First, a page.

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Back With a Beat

An interview with Tegan Quin of Tegan and Sara ahead of their sold out show at the Rialto

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Tegan and Sara, Canada's indie-rock twin sisters, will make their second stop in Tucson after coming to the Old Pueblo in 2007. The pair's latest record, Heartthrob, moves away from the largely acoustic, soft-rock style that they were known for, but it gave them a No. 2 spot on the Billboard charts. The Tucson Weekly caught up with Tegan Quin earlier this week via email to talk about their upcoming show, what inspired their latest record, and how the road has been treating them since the tour started.

Since your first record in 1999, you've had a reputation as an acoustic-based indie band. Heartthrob takes a much different turn, incorporating some electric, synth pop elements. What influenced that change?

We've been collaborating with dance pop artists now for six years and experimenting with synths, keyboards and more pop sounds for three records. So, while Heartthrob is definitely a big step in our sound evolution, it's still very much on the course we had set out back in 2004 when we made So Jealous and hired a full-time keyboard player.

I think we've always been interested in changing up our sound from record to record. None of our seven records sounds like each other. Our hope is to always challenge ourselves from record to record. It's important to keep things fresh and exciting in order to stay passionate about what we do.

  

What were some of the personal challenges that came with this record in terms of writing, recording, etc.?

We used multiple producers and recorded over a longer period of time and took more breaks while recording than we ever had before. This was hard to wrap my head around in the planning stages, but actually felt really refreshing when we were actually working. We also hired musicians to play a lot of the parts, and ideas we had created ourselves in demo form, which added to the new sound and increased the quality of the record but was initially hard to let go of because we are so used to doing so much ourselves. This was all new to us and really pushed our comfort levels, but it just sounded and felt so good, we knew it was right.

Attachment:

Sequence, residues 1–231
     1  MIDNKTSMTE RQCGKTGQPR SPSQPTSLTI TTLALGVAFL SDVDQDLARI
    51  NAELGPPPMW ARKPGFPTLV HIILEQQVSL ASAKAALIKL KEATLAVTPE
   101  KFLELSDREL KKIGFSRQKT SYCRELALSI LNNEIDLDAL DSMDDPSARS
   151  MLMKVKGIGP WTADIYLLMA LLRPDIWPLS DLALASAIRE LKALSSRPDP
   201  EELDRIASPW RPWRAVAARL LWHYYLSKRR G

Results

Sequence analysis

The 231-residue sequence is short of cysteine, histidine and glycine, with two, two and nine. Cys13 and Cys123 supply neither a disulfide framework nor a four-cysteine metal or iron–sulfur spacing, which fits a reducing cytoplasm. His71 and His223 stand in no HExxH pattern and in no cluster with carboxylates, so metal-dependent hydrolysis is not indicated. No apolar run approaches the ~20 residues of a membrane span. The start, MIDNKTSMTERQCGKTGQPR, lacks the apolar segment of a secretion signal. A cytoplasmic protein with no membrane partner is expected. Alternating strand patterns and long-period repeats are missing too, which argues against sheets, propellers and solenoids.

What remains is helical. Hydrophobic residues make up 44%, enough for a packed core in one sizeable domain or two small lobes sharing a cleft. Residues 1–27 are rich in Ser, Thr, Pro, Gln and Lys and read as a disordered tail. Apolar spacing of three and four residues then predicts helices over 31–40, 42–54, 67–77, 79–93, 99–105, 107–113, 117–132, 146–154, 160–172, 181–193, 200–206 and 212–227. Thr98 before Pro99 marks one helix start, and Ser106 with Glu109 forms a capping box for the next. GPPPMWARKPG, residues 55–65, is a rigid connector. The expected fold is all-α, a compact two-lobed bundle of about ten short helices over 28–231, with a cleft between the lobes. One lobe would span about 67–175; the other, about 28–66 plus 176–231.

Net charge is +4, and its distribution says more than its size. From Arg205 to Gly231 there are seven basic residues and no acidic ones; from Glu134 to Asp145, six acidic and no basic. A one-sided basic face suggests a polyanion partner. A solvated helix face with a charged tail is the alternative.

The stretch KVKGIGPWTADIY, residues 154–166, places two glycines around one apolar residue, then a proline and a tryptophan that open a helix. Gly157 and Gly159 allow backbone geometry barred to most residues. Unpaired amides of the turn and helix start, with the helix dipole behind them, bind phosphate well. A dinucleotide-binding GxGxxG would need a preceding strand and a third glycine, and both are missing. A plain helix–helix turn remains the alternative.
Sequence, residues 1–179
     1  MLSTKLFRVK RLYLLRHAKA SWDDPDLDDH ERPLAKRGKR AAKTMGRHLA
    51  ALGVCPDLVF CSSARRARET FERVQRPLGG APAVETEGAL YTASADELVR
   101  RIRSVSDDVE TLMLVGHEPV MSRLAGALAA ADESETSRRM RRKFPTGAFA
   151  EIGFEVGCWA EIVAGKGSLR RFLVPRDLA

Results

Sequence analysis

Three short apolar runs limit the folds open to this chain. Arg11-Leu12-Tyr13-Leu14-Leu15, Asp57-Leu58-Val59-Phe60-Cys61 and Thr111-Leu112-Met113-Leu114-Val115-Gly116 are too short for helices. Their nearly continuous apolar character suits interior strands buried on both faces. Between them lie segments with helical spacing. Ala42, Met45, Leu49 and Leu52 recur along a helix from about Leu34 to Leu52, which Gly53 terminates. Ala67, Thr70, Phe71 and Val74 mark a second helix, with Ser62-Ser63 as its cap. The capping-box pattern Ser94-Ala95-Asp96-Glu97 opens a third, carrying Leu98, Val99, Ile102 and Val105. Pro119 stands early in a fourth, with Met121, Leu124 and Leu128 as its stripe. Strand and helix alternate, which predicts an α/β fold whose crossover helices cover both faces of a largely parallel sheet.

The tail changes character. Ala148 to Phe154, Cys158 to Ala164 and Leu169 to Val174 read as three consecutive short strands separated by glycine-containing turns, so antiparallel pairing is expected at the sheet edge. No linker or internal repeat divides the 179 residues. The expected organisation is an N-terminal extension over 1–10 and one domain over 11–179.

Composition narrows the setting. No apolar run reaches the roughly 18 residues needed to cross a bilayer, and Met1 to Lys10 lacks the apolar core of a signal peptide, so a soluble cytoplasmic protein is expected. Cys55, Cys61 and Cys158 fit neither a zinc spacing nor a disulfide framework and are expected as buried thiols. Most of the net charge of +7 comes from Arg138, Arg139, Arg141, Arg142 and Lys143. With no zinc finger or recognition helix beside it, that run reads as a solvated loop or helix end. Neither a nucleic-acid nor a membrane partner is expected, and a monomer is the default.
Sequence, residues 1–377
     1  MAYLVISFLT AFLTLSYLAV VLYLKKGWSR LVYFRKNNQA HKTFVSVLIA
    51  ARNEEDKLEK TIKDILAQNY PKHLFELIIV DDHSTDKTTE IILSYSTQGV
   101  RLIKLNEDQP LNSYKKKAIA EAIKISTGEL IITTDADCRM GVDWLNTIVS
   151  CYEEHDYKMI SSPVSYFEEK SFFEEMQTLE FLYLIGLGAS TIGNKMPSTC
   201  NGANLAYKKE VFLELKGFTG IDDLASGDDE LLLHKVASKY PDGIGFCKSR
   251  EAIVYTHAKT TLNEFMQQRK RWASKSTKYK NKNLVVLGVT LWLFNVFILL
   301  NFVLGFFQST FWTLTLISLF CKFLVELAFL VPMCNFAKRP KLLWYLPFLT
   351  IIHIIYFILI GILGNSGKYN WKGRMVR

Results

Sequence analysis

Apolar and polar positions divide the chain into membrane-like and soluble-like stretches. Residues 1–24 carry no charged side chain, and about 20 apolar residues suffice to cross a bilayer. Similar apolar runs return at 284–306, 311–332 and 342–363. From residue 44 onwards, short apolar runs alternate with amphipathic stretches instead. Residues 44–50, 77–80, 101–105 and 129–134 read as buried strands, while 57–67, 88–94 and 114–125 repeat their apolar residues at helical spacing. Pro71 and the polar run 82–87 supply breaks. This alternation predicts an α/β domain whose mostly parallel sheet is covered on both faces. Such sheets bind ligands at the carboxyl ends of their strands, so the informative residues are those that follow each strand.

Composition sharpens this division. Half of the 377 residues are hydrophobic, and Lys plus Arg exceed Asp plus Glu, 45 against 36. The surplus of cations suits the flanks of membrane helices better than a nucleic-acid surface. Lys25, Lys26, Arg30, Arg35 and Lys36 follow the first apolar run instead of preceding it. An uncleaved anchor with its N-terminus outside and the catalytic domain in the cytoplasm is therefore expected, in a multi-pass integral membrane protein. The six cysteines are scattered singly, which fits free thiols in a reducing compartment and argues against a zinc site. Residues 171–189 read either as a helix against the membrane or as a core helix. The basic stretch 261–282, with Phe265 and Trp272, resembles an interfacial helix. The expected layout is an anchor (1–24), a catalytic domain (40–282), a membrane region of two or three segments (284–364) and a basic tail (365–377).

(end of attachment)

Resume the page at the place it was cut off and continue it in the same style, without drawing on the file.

The two of you are well known for your friendly, onstage banter with the audience. How did that come to be part of your shows?

The banter came as a natural way to fill time. Our first few years as professional musicians were awkward to say the least. We were either opening for bigger acts or playing multiple sets at sports bars or coffee shops. Basically, we were working longer than we had songs to fill the time. The banter was a way to kill time and also warm up the audience. It's a great icebreaker! So, now it's just "our thing." 

While Canada is likely where you feel most at home, you've developed quite a following in the U.S. How do you like playing shows down here?

We love touring all over the world. Our audience in Canada and the U.S. is definitely big and vibrant, but we are lucky to have a healthy following in Europe and Australia as well. Each audience is unique. I find Canadian audiences to be quite friendly and I truly feel like a proud Canadian band, so there is something special about "going home" to play. 

You played Tucson back in 2007 while touring for The Con, and, more recently, you opened for the Black Keys in Phoenix last October. How do you like the crowds in Southern Arizona?

We love Arizona! There is something very special about Tucson to us for some reason we can't pinpoint. Our last show there was so fun! I love warm weather. And I love music lovers and there seems to be a lot of both in Tucson!

What have the two of you been listening to lately?

I don't listen to a ton of new music when we're working. But I love DIANA, Haim, Beach House, P!nk, Stars, Rihanna, Candy Hearts, Allison Weiss, the Courtneys ... etc.

Do either of you have a song that is a favorite to play live?

I love playing Heartthrob. It's so challenging. It's hard to pick one song ... maybe "Shock to Your System." I basically play a very basic melody line and scream in the back. It's awesome. It's the closest to "backing musician" I've ever been ... I love it!

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